ACLU defends Montgomery student who refused to say the Pledge -- Gazette.Net


This story has been updated 3:15 p.m., April 11, 2013.

The American Civil Liberties Union of Maryland has again stepped in to defend a Montgomery County student who refused to stand during the Pledge of Allegiance.

Enidris Siurano-Rodriguez, a sophomore at Damascus High School, should not have been sent to the principal’s office and “harassed” in February after “sitting quietly” during the Pledge, David Rocah, a staff attorney for the local ACLU wrote in a letter Tuesday to Montgomery County Public Schools Superintendent Joshua P. Starr, Board of Education President Christopher S. Barclay and Damascus High Principal Robert Domergue.

“It started mid-February in my honors biology class,” Enidris said adding that she has not stood for the Pledge since she was in seventh grade. “The first semester teacher did not say anything, but the second semester teacher, [Deanna Jennings] did.”

Enidris said that when the teacher would ask her to stand she did because she thought she had to respect her, but, later when she learned her rights she realized the teacher had to respect her too and that is when Enidris said the harassment began.

Ironically, it was in her advanced placement government class that Enidris realized that her other teacher was violating her civil rights, she said.

She said she absolutely didn’t expect the situation to get as far as the teachers harassing her by telling her that if she did not stand, she would have to leave the class during the Pledge and being sent to Vice Principal Karen Rose, who agreed with the teacher and called Enidris’ mother, Sandra Rodriguez, telling her that Enidris would be removed from the class if she continued to sit during the Pledge.

“I’m proud of her because she is not afraid to say what she believes in,” Rodriguez said. “Not only that but she is supporting it with facts.”

Previous court rulings have made it clear that the First Amendment protects students who do not want to participate in the Pledge due to their political or religious beliefs, the letter explained.

In 1943, the United States Supreme Court found in West Virginia Board of Education v. Barnette that civil liberties protects students from being forced to salute the American flag and say the Pledge of Allegiance in school.

Montgomery County Public Schools’ policy also affirms the right of students to refuse to participate in the Pledge.

“Our schools do start each day with the Pledge of Allegiance but students are not required to stand or participate,” Dana Tofig, MCPS spokesman wrote in an email to The Gazette.

Tofig also wrote that he is not aware that there is any training for teachers or administrators to address the issue.

Damascus principal Robert Domergue referred calls to Tofig. Jennings said in a phone call Thursday that she had no comment.

“The procedures are very straight-forward: If a student does not want to participate in the Pledge, they do not have to and cannot be compelled to do so,” Tofig wrote.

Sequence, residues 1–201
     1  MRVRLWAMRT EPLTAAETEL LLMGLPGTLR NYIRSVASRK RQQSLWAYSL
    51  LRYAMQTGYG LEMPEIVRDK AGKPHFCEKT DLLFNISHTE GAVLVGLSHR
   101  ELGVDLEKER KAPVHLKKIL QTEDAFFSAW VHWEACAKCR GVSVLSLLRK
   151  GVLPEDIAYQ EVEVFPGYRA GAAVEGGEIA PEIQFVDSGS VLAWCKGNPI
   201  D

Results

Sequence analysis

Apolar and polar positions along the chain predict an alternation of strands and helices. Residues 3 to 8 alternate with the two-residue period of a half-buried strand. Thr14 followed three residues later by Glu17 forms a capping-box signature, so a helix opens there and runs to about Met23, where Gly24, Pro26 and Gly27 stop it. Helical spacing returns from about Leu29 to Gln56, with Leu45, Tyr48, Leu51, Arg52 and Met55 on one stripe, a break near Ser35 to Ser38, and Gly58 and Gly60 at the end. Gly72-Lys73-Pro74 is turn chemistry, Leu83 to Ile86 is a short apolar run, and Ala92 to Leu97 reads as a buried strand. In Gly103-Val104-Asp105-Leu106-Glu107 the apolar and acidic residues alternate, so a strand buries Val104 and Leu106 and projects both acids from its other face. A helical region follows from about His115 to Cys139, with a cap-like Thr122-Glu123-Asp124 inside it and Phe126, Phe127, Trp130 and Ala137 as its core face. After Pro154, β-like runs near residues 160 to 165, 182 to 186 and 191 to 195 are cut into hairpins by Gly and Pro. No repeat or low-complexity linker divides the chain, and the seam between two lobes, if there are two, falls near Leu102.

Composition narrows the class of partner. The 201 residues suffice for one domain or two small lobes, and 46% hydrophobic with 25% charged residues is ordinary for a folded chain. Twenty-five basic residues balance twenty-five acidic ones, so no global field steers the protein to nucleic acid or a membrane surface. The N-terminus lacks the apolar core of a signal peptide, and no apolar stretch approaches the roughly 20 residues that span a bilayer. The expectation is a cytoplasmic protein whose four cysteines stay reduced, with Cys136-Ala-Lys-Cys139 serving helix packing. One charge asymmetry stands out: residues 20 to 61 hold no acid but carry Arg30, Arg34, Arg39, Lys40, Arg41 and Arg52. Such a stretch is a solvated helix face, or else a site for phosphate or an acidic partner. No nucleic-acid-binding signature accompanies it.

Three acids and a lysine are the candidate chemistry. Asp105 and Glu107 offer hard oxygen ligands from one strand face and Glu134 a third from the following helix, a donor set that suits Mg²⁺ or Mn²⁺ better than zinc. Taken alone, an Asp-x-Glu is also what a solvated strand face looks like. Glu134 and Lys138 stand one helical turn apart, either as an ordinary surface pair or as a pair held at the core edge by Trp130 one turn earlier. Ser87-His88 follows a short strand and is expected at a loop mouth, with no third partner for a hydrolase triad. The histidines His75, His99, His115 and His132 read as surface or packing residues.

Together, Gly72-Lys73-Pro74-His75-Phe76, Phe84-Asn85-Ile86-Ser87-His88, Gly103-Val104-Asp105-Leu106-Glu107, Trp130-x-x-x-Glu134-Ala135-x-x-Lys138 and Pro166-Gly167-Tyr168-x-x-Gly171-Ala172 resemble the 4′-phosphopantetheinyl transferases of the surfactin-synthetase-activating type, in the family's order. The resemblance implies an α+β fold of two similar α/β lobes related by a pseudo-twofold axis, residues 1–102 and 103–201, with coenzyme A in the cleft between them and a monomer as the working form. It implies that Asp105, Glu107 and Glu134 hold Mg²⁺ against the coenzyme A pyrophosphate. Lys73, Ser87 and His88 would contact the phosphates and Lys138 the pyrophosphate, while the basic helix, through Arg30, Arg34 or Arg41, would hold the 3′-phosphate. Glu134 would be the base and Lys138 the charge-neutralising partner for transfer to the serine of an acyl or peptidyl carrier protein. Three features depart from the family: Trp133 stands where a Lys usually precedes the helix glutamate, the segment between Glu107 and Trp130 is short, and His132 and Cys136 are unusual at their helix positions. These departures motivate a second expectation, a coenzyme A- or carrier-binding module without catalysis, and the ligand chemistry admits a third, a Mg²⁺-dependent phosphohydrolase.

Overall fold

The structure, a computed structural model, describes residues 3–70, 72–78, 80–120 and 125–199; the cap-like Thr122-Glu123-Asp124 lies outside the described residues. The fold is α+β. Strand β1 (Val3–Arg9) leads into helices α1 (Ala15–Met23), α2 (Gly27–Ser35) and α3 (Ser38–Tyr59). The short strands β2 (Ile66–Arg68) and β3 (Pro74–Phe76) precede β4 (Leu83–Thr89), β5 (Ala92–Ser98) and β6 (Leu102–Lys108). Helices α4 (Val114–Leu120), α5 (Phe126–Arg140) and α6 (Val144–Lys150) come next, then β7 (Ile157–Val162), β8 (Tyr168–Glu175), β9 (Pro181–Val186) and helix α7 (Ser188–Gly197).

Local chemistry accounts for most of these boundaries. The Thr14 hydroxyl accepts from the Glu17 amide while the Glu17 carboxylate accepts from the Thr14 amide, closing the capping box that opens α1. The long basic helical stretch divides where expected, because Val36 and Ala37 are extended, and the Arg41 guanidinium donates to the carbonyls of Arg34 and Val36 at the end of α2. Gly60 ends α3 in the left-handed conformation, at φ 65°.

This is not the first time that the ACLU has contacted the school system about this issue, and because of that the ACLU asked in its letter to meet with school officials to review what the school system can do to make sure that all teachers and principals are aware of the students’ rights.

The letter also requested that the school system offer a formal apology to Enidris and her family.

“The actions taken to date have not been effective, and are not sufficient,” Rocah wrote.

Enidris, whose family is from Puerto Rico, explained to school administration that she has sat in her seat each morning during the Pledge since seventh grade because she believes “the United States government imposes conditions on Puerto Rico, due to its status as a territory, that she views as undemocratic,” according to the ACLU’s letter.

Her first period teacher, another teacher and the school’s assistant principal all told Enidris that she had to participate despite her beliefs, the letter states.

The last case of this issue the ACLU defended in Montgomery County was in 2010 when a teacher sent a Roberto Clemente Middle School student who refused to participate in the Pledge to the principal’s office, escorted by school security officers.

In a press release dated April 9, the ACLU of Maryland said the organization has received five complaints since 2008 from MCPS students in different schools who were harassed for not reciting the Pledge.

“Indeed, over the last decade we have received more complaints about this issue from Montgomery County than any other jurisdiction in the state,” the release states.

“I would absolutely like an apology not just for me but for all the students that this happens to,” Enidris said. “I definitely feel the policy should be implemented better, teachers should know what the policy is.”